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By J.D. Houvener
Patent Attorney and Founder

JD: So, I have a utility patent on a product. Kudos to you! I’d like to sell the patent. If my product is considered valuable and I hire someone to assist me in selling it, I’m curious about the procedure. I wonder if it’s like selling a property. Can I get the agent to give me their estimate of the value? Would they show it to various potential buyers and get the highest bid? Would they receive a commission on the sale? How does it work?

JD: Here at Bold, we used to make referrals. We have a group of people, individuals and sometimes companies, called patent brokers. What they do is find deals—they’ll find buyers or licensors, whether big companies or small, that want to buy or sell your patent portfolio.

JD: We actually brought in Jim DeBetta, who’s been doing this for 25 years, last year. This is his second year now working at Bold. My understanding is that this is the whole patent commercialization piece. So, to answer your question, yes, the person who will help you find a deal can work on either a flat fee or on commission.

JD: Instead of estimating the value, they’ll identify companies and individuals at those companies you want to reach out to based on the market demand for your product and its best positioning. We’ll put together a simple one-pager, called a sell sheet, and typically, that’s all you need to start the initial reach-out to see if there’s interest from companies.

JD: Valuation, separate from the patent broker discussion, is really challenging, especially for a pre-revenue patent. One thing to consider is that you can get insurance on a granted patent, and even on a pending application. The way this works is that the patent insurance companies will do their own analysis of the market to see if there are any other companies that might be infringing on your patent.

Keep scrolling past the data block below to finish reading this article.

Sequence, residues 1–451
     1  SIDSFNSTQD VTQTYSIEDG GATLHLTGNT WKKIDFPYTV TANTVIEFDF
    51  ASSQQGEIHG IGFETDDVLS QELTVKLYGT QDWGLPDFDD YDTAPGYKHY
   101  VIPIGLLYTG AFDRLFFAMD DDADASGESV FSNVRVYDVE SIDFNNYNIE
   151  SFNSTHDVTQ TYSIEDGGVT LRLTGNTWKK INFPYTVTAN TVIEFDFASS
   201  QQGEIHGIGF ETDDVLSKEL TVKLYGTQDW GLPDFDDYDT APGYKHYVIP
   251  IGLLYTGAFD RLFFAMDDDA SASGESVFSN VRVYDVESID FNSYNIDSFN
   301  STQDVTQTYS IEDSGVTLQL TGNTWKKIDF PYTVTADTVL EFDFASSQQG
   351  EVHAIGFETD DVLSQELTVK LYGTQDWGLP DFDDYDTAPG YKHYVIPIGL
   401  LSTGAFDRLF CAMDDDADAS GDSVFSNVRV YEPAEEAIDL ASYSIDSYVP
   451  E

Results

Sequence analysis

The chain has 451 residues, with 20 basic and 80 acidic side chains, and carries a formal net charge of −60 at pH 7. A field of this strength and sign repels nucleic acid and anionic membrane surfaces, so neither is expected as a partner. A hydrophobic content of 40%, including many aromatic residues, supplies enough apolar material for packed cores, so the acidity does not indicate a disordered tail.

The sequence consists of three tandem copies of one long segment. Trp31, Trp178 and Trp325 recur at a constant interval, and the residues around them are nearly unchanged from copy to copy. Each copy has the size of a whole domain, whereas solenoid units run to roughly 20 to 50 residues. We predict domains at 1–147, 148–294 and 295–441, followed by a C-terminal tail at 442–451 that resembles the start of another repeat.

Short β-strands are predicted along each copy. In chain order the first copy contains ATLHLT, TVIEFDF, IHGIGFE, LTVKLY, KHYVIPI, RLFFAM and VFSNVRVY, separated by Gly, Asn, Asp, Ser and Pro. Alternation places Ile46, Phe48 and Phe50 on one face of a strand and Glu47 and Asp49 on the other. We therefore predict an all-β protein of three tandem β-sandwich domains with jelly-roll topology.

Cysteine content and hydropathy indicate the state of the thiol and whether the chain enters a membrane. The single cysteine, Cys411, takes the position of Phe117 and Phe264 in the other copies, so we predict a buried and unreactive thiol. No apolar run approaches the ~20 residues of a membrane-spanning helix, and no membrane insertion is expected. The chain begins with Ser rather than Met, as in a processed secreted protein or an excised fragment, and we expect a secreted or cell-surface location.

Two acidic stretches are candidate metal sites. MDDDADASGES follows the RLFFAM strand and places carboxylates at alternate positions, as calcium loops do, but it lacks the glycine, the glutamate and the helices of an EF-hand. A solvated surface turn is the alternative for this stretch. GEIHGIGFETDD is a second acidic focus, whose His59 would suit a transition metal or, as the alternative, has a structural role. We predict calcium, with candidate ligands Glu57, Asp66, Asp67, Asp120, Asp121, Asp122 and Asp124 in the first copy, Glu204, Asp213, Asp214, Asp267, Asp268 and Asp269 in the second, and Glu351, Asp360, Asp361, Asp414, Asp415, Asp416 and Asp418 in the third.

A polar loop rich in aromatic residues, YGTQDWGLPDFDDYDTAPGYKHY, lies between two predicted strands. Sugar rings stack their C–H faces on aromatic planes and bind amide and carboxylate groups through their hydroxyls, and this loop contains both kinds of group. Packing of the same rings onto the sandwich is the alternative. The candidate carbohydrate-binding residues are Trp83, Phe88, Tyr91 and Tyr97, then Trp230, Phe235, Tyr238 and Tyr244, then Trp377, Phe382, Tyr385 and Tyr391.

JD: It’s kind of counterintuitive for some inventors to think that infringement makes a patent more valuable, but the answer is yes. It means there’s a market—people want to be in business selling what you have patented. The fact that you can go after them and enforce your patent is up to you, of course. Knowing that there’s another company and customers willing to pay for your invention is a good thing. So, they’ll evaluate potential infringements and the use of your inventions to help raise the valuation of your patent portfolio.

About the Author
J.D. Houvener is a Registered USPTO Patent Attorney who has a strong interest in helping entrepreneurs and businesses thrive. J.D. leverages his technical background in engineering and experience in the aerospace industry to provide businesses with a unique perspective on their patent needs. He works with clients who are serious about investing in their intellectual assets and provides counsel on how to capitalize their patents in the market. If you have any questions regarding this article or patents in general, consider contacting J.D. at